We Talked to the Scientist Who Just Discovered the Perfect Penis
Dr. Nicole Prause is the head of the research team that used 3D printed phalluses to find women's ideal penis size. We spoke to her about her findings and her plans for the future.
Image courtesy of Dr. Nicole Prause.
Today in "relax, men" news comes a joint study from UCLA and the University of New Mexico on penis size. After allowing groups of women to select their ideal penis in various relationship contexts, it has been revealed that length and girth of most women's dream peen falls very near the statistical average.
The 75 women involved in the survey were given 33 blue, 3D-printed phalluses of varying lengths and girths and told to pick the ones that appealed most to them for a longterm relationship and for a one night stand. The women—who were told that the theoretical man attached to these potential penises was "kind, intelligent, funny, and has a great job"—generally selected a penis around 6.3" long and 4.8" around for dating, and 6.4" long, 5" around for a one-nighter.
We spoke to Dr. Nicole Prause, the head of the research team behind the study, about how to get your sex study past the academy, the future of 3D printed dildos, and what Husband Dick looks like.
BROADLY: Can you tell us a bit about yourself and your work? How long have you been in this particular field?
Nicole Prause: I graduated with a PhD in Clinical Science from Indiana University. My concentrations were in neuroscience and statistics, which I have always used to study human sexual motivation in the lab. In 2007 I started the Sexual Psychophysiology and Affective Neuroscience lab as a faculty member and in 2015 started an arm for commercialization, to address some of the challenges of studying this topic in academia.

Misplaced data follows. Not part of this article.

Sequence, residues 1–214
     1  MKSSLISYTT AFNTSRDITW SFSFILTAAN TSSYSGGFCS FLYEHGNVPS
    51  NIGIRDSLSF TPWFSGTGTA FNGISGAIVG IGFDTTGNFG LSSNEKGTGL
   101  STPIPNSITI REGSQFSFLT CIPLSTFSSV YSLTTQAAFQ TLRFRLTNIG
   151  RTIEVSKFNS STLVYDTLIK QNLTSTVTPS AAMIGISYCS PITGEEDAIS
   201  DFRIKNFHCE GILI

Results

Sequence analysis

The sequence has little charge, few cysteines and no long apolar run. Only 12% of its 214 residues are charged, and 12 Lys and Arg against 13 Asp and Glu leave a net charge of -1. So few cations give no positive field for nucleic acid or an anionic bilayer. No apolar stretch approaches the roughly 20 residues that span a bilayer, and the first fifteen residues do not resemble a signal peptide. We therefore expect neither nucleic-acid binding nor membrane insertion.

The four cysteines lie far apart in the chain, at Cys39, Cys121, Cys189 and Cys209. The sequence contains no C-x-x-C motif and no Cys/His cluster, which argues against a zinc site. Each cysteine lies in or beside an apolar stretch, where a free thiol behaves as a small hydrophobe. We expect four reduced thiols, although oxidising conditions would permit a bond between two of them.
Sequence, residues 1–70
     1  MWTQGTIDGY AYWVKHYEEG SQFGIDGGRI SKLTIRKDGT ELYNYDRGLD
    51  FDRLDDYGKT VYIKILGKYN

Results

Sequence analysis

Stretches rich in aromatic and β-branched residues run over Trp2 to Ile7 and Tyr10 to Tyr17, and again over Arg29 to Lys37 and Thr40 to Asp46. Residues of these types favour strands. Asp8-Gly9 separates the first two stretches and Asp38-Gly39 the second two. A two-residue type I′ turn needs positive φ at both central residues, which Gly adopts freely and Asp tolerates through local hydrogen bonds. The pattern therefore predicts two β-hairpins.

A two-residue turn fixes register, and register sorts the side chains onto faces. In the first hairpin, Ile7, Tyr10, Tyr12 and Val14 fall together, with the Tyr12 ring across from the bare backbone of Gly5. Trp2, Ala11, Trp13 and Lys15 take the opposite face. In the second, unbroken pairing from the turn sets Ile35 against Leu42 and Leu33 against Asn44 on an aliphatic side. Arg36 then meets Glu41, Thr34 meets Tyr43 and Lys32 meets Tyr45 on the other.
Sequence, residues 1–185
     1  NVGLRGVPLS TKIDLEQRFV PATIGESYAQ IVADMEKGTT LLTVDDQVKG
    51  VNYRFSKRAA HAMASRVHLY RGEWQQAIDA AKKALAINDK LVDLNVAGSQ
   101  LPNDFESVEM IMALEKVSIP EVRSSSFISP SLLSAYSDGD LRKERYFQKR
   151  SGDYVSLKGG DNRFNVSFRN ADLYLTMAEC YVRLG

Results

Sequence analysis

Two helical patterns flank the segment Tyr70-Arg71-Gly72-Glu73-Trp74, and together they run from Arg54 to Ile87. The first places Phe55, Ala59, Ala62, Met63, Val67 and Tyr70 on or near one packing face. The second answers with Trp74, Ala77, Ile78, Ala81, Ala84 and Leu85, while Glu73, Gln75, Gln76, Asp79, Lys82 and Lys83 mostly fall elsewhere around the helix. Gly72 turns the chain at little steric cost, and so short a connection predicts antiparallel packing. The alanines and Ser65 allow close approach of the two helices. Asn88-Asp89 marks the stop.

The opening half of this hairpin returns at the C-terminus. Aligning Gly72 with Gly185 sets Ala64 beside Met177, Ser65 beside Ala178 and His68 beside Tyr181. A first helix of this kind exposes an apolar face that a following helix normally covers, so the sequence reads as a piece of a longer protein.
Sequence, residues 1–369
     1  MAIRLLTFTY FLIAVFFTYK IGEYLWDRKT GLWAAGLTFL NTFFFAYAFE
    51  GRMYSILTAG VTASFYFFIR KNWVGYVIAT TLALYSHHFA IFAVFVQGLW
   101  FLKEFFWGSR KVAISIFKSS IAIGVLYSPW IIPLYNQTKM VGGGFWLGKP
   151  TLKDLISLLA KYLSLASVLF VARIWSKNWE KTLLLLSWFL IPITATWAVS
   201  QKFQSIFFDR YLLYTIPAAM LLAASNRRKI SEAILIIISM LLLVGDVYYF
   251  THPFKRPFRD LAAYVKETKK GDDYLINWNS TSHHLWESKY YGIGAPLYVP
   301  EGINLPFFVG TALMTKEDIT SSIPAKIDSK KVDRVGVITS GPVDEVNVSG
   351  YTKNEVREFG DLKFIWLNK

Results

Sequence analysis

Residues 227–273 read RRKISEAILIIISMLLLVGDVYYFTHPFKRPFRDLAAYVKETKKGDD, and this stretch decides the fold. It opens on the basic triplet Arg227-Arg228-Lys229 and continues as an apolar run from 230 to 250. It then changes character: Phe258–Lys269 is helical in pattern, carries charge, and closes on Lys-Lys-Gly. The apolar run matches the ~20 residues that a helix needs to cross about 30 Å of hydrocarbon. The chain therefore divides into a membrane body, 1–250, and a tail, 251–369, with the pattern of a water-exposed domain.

What kind of challenges?
We have had an ethics board refuse to allow us to conduct a study on orgasm. (There are two stories being written about this incident for Rolling Stone and the LA Times.) Grant reviewers regularly question whether anyone will volunteer for our studies, even though we have demonstrated that we never have problems recruiting participants (people love our studies, you can imagine). We have been prohibited from recruiting people seeking treatment for "porn addiction" because the ethics committee believed that showing them porn would cause them to relapse, while ethics boards in the UK do not prohibit this. The list goes on and on.
So how did this study come about?
It started when I met Geoffrey Miller as a research scientist at Mind Research Network, a neuroimaging facility in Albuquerque. I wanted to test predictors of pain that women experience during sex, which I thought should include an assessment of whether their partner's penis size was a factor. Geoffrey was interested in questions about penis size preferences in mate choice. A collaboration was born.